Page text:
Ministers in Turkey

A couple of days ago I wrote about the trip to Turkey Winston Peters was planning, presumably undertaken with the explicit approval of the Prime Minister (and he was accompanied by a Labour Party Cabinet minister).

There were conflicting narratives from the Foreign Minister and his boss about this trip.  From the Foreign Minister’s own press release we learned

“Our current intention is then to travel onwards to Turkey, at the request of the Turkish Government, to attend a special ministerial meeting of the Organisation of Islamic Cooperation being held in Istanbul.

“This important event will allow New Zealand to join with our partners in standing against terrorism and speaking up for values such as understanding and religious tolerance.

The Prime Minister meanwhile suggested that Mr Peters would be “setting the record straight” with the odious Turkish president.  There was Erdogan’s use of video of the Christchurch shootings in his election rally, his false claims about Gallipoli (the claim the landings were all about being anti-Muslim) and his inflammatory rhetoric around New Zealanders and Australians.    She herself had been reluctant to say anything, unlike the Australian Prime Minister.

We learned this morning about the Foreign Minister’s effort.   First, there was Mr Erdogan

Peters said, however, that he didn’t discuss Erdogan’s use of the footage with Turkey’s foreign minister or president though it was widely expected that he’d raise the issue.

Erdogan later on Friday again showed an excerpt of the video at an election rally in the central city of Konya.

“I did not see any sound, peaceful purposes in raising it,” Peters said, adding that they had received “very assuring information” from the Turkish presidency.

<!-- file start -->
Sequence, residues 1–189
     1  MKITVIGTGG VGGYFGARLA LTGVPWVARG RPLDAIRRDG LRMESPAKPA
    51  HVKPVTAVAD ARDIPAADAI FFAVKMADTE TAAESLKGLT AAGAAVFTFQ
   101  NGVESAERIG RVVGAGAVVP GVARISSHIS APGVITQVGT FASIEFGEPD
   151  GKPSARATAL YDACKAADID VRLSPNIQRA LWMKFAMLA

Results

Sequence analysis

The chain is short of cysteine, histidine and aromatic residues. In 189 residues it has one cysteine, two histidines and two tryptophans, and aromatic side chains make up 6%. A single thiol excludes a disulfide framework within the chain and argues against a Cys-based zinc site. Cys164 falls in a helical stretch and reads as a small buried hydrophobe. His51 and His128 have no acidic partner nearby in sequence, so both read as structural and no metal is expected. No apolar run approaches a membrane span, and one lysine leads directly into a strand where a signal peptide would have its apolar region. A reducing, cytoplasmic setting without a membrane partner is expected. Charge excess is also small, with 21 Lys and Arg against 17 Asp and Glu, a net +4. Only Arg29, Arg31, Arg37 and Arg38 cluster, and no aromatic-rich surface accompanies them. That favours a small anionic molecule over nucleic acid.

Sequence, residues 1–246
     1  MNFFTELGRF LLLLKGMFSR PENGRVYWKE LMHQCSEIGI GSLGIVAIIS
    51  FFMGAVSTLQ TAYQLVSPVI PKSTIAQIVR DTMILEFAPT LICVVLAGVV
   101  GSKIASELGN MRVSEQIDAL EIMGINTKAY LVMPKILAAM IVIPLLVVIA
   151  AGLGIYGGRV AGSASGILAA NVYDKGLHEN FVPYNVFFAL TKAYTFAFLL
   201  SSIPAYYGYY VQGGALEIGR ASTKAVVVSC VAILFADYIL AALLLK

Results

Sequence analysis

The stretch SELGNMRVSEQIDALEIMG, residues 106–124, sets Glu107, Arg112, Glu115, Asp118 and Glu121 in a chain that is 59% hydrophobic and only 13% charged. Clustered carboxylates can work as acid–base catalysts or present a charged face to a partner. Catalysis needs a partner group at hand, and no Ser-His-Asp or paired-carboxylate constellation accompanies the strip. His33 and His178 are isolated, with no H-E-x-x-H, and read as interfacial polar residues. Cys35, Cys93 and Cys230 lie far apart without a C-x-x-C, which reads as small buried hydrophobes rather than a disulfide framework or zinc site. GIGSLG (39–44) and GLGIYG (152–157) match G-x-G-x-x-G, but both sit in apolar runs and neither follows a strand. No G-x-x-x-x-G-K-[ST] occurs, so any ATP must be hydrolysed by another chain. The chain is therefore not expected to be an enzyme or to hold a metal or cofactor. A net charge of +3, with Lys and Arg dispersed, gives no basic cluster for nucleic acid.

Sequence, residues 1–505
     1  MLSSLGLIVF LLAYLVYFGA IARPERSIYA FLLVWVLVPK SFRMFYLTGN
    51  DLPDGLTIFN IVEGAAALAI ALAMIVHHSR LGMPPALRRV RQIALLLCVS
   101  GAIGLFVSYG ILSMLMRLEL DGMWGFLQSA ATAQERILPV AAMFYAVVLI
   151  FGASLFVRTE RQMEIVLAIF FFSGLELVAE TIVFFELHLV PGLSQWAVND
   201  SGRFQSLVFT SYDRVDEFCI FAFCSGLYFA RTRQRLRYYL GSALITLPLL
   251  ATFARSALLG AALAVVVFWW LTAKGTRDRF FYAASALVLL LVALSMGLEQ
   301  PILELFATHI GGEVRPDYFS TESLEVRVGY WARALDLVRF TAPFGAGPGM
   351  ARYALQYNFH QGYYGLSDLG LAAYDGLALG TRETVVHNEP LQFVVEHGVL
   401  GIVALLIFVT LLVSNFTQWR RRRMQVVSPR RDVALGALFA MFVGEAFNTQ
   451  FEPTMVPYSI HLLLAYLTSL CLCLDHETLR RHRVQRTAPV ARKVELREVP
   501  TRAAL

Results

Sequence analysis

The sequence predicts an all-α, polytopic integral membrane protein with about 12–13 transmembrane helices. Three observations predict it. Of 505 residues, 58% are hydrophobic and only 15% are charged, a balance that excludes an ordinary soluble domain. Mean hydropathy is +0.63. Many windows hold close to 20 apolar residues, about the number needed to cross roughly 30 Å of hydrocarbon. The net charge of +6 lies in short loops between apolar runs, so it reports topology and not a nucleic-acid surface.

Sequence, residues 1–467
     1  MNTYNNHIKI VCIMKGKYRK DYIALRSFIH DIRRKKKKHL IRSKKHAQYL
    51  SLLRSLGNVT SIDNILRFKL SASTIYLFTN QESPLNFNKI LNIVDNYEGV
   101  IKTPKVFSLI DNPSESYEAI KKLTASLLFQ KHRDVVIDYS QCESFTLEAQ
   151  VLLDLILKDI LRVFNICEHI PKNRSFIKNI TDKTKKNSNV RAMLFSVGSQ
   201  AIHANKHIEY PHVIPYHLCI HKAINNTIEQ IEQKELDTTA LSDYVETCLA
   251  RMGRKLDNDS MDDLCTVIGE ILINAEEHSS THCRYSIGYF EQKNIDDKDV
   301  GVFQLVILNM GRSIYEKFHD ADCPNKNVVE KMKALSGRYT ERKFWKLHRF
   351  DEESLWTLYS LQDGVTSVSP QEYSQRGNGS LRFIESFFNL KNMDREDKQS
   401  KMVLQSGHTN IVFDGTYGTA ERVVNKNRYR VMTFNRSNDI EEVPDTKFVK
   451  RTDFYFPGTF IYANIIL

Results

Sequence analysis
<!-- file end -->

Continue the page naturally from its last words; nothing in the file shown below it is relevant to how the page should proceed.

Very assuring……..not.    It looks a lot as though he was played –  again –  by Erdogan, who seems to be using the whole affair to help his election campaign.     But I guess MFAT trains Foreign Ministers to abandon all sense of national self-respect etc.

And then there was the meeting of the foreign ministers of the Organisation for Islamic Cooperation (OIC).    You can read the statement made by Mr Peters to that meeting.  I guess views will differ on the specific content, but the overall tone struck me as strangely obsequious.  Which frankly seems weird just on its own merits (what does the New Zealand government owe to other countries in this matter?).   And doubly inappropriate at a meeting summoned by the odious autocrat who governs Turkey

There wasn’t much reference in the Peters statement to that “religious tolerance” he talked about earlier in the week in his press release.   But then it isn’t New Zealand that has a problem with religious tolerance: in this country, you can join or leave any religion you like, theistic or otherwise.  Leading secularists could abandon their faith and embrace Islam –  or Christianity or Judaism or whatever –  and few would pay much attention for long.  Or vice versa.

Not so for most of the countries represented at the OIC meeting, a meeting which Winston Peters seemed to go out of his way to thank them for attending –  almost as if they were doing the New Zealand government a favour by holding it.

The Peters press release earlier in the week talked of how he would “join our partners”  to speak up for “values such as….religious tolerance”.    So what did the communique have to say?  There is lots of pretty tendentious rhetoric, some boring listing of various official visits to New Zealand, and then we get to the substance. On religious tolerance